fair. Notes had been forged on a:
Pennsylvania bank; two men had
been apprehended, and were in cue•
tody. The first, Springer, had turn
ed State's evidence on his accomplice,
Who, according to his account, was
the prime mover in the business.=
This man—Daniel Hawes . by name
—had transferred the notes to a third
party, of whorb nothing had been
ascertained except that he was a
youna man; wrote a beautiful hand,
and tiad been in town the Monday
before. He was the man I was to
It was sundown when I left the
Superintendent's office. I had not
Much to guide me; there were hun
dreds of young men who wrote a
beautiful hand. and had been in town
lastbiondaY. But I did not trouble
mySelf about what I did not knoW ;
I confined myself to what I- did
know. Upon reflection I thought it
probable that NY bIAN bad been in
intimate ,relations with Hawes for
thelast few days—probably since the
preceding Monday—although it was
not k-:nown that he bad been in town
since that day. He might r►ot be a
resident in the city ; but 1 determin•
ed to seek him here—isinee, if he had
not left town before the arrest of
Springer and Hawes, he would nut
just now run the risk of falling into
the hands of the police by going to
any railroad station or steambOat
I determined, therefore, to follow
up the track of Hawes, and thereby,
if possible,-:strike that of his confed
erate—which was in fact, . all that
could be done.
Hawes was a small broker. He liv
ed in Eighteenth street, and had an
office in Wall street.
He lived too far up town, I thought,
to go home every day to his dinner;
he went, then, most probably, always
to the same eating-house, and one not
far from his office.
After inquiring at several restau
rants near by, I came to one in Lib
erty street, where, on asking if
Hawes was in the habit of dinin g
there, the waiter said yes,
'Have you seen a man hero with
him lately r I inquired.
'No; no one in particular,' replied
'Are you sure of it? Come, think.'
After scratching his head for a mo
ment, he said :
'Yes, there has been a young man
here speaking to him once or twice.'
'How did he look y'
'Tie was short, and had black hair
'Who is he ?. What does he do ?' •
'He is clerk to Mr. L , the
'Where does Mr. live ?'
The waiter did not know. Look
ing into a directory, I ascertained his
residence to be in Fourteenth street.
The stores by this time were closed ;
BO I went immediately to M.r. L---'s
house, and asket to see him. Se
was at dinner.
am sorry to disturb him,' said I
to , the servant ; 'but I wish to speak
to him a moment on a matter of im
portance, and cannot wait.'
Mr. L— came out, evidently an
noyed at the intrusion.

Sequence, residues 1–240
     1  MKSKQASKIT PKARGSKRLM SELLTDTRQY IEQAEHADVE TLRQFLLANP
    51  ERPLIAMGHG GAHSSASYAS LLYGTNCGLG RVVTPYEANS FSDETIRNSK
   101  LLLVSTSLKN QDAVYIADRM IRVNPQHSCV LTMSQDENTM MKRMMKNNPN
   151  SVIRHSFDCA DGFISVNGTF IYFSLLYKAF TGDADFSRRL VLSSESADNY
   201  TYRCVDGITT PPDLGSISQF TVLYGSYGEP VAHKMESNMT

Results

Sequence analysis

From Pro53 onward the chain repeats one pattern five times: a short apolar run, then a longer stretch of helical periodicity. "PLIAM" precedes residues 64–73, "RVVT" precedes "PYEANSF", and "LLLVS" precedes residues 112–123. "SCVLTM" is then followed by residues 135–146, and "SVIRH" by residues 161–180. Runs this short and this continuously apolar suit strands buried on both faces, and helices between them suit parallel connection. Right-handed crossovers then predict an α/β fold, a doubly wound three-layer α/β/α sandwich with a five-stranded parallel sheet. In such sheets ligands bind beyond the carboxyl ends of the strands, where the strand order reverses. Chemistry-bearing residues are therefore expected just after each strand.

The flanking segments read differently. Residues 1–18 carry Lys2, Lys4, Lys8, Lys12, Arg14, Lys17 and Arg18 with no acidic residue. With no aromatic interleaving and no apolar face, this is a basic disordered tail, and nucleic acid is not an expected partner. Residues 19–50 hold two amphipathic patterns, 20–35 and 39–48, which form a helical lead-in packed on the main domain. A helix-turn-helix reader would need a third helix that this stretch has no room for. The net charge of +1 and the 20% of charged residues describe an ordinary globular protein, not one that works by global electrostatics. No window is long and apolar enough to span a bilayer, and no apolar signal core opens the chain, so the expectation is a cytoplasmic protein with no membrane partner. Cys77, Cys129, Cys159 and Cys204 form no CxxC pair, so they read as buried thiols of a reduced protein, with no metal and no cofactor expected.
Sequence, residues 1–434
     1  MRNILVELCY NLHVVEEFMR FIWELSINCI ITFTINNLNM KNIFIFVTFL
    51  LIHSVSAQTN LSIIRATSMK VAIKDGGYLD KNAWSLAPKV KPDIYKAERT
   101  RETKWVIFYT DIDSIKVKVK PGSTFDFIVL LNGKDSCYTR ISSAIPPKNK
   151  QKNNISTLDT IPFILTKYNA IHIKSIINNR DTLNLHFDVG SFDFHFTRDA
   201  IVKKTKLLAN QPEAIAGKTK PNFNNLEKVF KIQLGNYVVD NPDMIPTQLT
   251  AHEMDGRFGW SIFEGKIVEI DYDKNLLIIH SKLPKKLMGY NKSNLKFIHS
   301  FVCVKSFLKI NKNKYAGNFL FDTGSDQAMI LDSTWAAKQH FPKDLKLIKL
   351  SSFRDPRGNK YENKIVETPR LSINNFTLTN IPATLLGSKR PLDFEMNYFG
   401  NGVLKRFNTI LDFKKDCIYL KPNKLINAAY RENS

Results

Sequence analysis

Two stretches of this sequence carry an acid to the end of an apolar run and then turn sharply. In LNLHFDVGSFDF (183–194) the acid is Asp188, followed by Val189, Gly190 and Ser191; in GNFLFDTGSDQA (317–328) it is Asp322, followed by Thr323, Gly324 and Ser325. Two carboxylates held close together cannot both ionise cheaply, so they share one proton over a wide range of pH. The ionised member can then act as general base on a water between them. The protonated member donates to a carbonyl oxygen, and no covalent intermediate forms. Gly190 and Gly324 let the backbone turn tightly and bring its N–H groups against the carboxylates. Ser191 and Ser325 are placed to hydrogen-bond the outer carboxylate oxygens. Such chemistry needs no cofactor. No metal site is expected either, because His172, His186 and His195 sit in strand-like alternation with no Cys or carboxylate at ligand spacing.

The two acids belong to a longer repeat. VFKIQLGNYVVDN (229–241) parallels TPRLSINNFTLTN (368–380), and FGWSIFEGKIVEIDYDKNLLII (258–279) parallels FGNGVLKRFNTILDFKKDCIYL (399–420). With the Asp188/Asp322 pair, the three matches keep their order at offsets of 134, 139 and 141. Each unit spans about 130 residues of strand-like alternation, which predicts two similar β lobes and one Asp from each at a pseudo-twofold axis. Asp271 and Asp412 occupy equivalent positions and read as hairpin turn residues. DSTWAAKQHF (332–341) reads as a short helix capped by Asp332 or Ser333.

'Have you such a person in your
employment ?' said I, describing him.
'No,-sir ; I have not.'
'You had such_a person ?'
have not now.
'Did you discharge him ?'
'Why ?' -
'What business is that of yours ?'
he asked, rather huffily.
'My name, sir, is M—, of the de.
festive police. lam after thift fellow
-that's all. Tell me, if you please,
why you discharged him.'
'Oh, I beg your pardon,' said Mr.
L—. took you for one of his
rascally associates. I discharged
him a week or ten days ago. He was
a vet y dissipated, good for nothing
+Was he your book-keeper?'
'No; be was a junior clerk.
4 Have you any of his hand-writing
that you can show me?'
He furnbled in a side pocket and
drew out a pocket-book, from_
be took a memorandum *of agree.
meat, or Eiciine paper of the sort, to
the bottorn Of which a signature was
attached as witness.
'That's his writing,' said he.
It was a'stiff schoolboy's scrawl.
This Was not my man, then. I
ap,nlogiied to Mr. L— for the
trouble" had given him, and with
Lest time, said Ito myself, I am
on the wiong track. I must go back
to the enting-honse and begin the
chase again from the point where I
left off. ,
I saw the same waiter.
want you to think again,' said
I. 'Try, hard to, remember Whether
there 'waver was any other'man here
with nawes on 'any occasion.'
After" eflecting for a little' while,
he said'lTlthoaght he recollected his
going up'staira not long ago With an-
other man to a private room.
, Did you wait on him yourself at
the time you speak of?' I asked. -
'No ; most likely it was Joe liar
`Will !you, send for :him, if you
Yoe Harris came.
'You, waited on Mr. Hawes a few
days ago, when he dined With anoth
er gentleman in a. private room up
stairs, didn't you 7'
'Who - was that other man?'
'He is a young man who is a clerk
in a livery stable in Sullivan street.'
'What aro his looks ?'
'He is tall and light haiited.'
'Do you know his name ?'
'His name is Etigat.'
I hurried up to Sullivan street,
went into the first livery stable I came
to, inquired for 'tire proprietor, and
asked him if he had a young "man in
his stable of the name of Edgar.
He said he had. -
‘Dols he keep yotr books r
'lreS--he takes orders for me.'
'Let the see some of his hand-wri
ting, ifyou please.'
He stepped back into the.offlee and
took from a desk a little order-book.
I opened it; there were some m'ders,
hastily written, no doubt, but in a
hand almost like beautiful copper-
'This was my man—l felt nearly
certain of it. I asked where he liv
ed, and was told with his mother, a
widow woman, at such a number in
Hudson - street. I started for the
place. " - Itmas now nine o'cleck. Ar
riving at the house, I rang the bell.
It was - answered by a servant girl.
'Does Mr. Edgar live here,' I .in
'l c es sir.'
'No ' sir.'
'When will he come home ?'
'Does he sleep here ?'
'Sometimes he does, and sometimes
'Where is he likely to be found ? I
should like to see him.'
She said she realty did not know,
unless perhaps it might be at a bit-
Hard saloon not far off.
I went there. A noisy crowd was
around the room, and I closely scru
tinized every face. No tall, light
haired Young. man was there. I ask
ed the barkeeper if Mr. Edgar had
been there that evening. He said no;